Post Cards Direct Solicitation[long] - Posted by Ronald * Starr(in No CA)
Posted by Ronald * Starr(in No CA) on April 24, 2002 at 22:10:40:
I received the following e-mail question. I see no problem with privacy. You can learn and you can add comments.
Date: Wed, 24 Apr 2002 22:02:02 EDT
I just read your post to Pete, and I am not quitting although I have not had response to ads either…yet. I am just developing post cards and a
mailing list and you mentioned sending them to people most likely to respond…would you expand on that? I was simply going to mail out 1000 every week or two to several selected farm areas which have about 25000 homes in them and just rotate til I hit them all. I’m also looking at expired listings. Any other specific criteria you can suggest and how to get the info would be greatly appreciated.
Ok. But first, please be precise, I said property owners who “might have a higher than average probability of selling to you cheap.” I did not mention “most likely to respond.”
I select people whose tax bill mailing address is far away from the property they own. They are more likely to be having trouble managing. And they might not have a precise idea of the property values. This suggests also targeting areas which have had good appreciation recently.
I send to those who have owned the property for several years. If they sell to me at a discount from market value, they might not care too much, since they are selling to me with profit above their purchase price.
I target people whose properties I would want to own. Understand I am a buy/rent/hold investor, not a quick resell investor. So I only send to people whose houses meet some personally-relevant criteria: Number of bathrooms, number of bedrooms, age, square footage, etc. Properties that I predict would be good investments for me.
Now, you mention expired listings. That sounds to me like a list that would get a good response rate and might be motivated enough to sell for less than market value. HOWEVER, note that they probably have a pretty good grasp of the market value, if their real estate licencee did a reasonably good job of educating them about it. So it might be more difficult to get a really deep discount. However, they might be willing to sell on terms which would make the property attractive to you. Also recognize that expired listings may also have a high proportion of over-priced properties.
There are people in default on mortgages and those in default on their property taxes. There are people who are doing an eviction of renters. There are people who have been cited by a governmental agency for having a neglected building, a blight on the community, and some such. There are vacant houses. There are run-down houses, seen by driving the streets. There are probate cases in the court and the heirs from probate cases. There may be prospects who have had a judgment filed against them recently or who have been arrested and accused of committing some crime. Might they need cash to pay the attorney? Or the judgment?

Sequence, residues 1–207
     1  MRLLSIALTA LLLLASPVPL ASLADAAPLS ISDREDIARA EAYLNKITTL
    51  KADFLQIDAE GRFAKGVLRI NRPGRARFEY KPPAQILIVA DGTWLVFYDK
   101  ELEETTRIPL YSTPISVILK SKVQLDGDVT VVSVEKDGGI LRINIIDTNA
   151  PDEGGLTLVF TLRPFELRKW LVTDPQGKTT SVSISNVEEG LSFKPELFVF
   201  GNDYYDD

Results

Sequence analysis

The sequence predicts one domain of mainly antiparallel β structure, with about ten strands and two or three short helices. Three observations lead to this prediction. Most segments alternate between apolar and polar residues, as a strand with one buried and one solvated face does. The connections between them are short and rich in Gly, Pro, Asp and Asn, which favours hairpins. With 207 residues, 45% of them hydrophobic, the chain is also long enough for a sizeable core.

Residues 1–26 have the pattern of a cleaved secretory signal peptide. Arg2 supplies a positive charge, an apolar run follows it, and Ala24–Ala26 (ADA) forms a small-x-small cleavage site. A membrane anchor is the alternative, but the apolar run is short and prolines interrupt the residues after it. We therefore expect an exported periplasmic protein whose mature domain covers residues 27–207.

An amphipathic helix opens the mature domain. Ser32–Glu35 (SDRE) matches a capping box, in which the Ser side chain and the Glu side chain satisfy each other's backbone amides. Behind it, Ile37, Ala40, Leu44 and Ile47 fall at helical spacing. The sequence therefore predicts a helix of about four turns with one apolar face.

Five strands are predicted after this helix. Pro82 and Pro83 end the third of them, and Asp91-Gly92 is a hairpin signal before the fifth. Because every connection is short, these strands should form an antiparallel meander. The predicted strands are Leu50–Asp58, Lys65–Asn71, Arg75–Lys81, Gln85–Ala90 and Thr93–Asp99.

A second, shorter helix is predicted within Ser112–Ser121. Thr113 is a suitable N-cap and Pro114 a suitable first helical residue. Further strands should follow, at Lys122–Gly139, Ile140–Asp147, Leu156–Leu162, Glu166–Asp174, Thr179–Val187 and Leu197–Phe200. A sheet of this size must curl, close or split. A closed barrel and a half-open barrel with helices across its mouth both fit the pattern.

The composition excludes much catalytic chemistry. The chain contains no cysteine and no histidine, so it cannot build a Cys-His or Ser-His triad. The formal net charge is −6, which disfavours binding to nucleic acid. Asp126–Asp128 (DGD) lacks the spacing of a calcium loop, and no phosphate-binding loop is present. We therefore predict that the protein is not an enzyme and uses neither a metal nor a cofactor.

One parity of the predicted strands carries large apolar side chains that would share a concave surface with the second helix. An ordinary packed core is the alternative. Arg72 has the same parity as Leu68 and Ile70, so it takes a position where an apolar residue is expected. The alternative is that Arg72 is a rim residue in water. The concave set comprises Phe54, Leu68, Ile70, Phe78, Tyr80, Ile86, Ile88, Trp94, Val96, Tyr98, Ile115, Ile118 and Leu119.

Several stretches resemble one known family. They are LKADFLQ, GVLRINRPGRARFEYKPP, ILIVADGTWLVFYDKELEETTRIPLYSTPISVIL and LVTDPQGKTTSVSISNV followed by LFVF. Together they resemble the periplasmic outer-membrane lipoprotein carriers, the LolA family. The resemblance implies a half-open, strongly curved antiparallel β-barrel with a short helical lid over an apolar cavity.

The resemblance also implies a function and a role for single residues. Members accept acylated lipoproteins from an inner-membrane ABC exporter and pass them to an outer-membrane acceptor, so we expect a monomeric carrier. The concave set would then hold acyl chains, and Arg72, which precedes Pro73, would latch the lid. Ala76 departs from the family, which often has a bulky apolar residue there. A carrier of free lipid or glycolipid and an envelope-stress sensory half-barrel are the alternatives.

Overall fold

You might want to read John Reed’s book on bargain real estate buying to see other possible lists to create. look on johntreed.com
How about people with two properties? Especially if one is a vacation home.
Just start thinking of people who might be willing to sell cheap. Then try to figure out how and where you can get or create lists for mailings. Even just broadband mass mailings such as you mention doing could be useful if you think about what happens.
You mail to a mass of people. Some of those solicitations come back to you undelivered. Why? What are the circumstances? Could there be richer ore in that list of returned cards than in the run of the mill list from which your started? For one thing, they are not receiving your mail piece, maybe they are not receiving other people’s mail pieces, such as real estate agents bragging about what great high prices they are getting for their house sellers. They may have moved. Well, then maybe their life is changing and they could use some money. Maybe they are open to other changes, such as selling to you their house. Maybe they have died, and so checking probate files would be useful, or talking to neighbors about possible heirs to contact.
Look at those returned cards and see if there is a forewarding address to which you can send again. Consider sending a letter to the owner in an envelop which is mailed to the subject property address, with the notation, “Please forward” on the front.
You see, there are ways to use the results of a mass mailing to attempt to find people who are not responding to you because they don’t want to sell, but are not getting your solicitation. Many, even if you do get through to them, might still not sell to you. But, you will not know without experimenting.
You may hit some properties which are ripe for adverse possession. If you don’t know what that is, you might want to study how good it is in your state. I’m not going to explain it. Law libraries have lots of information on the topic. But, those not getting mail and not paying their taxes would be good targets for this approach to super-low price property acquisition.
Good Investing*************Ron Starr*****************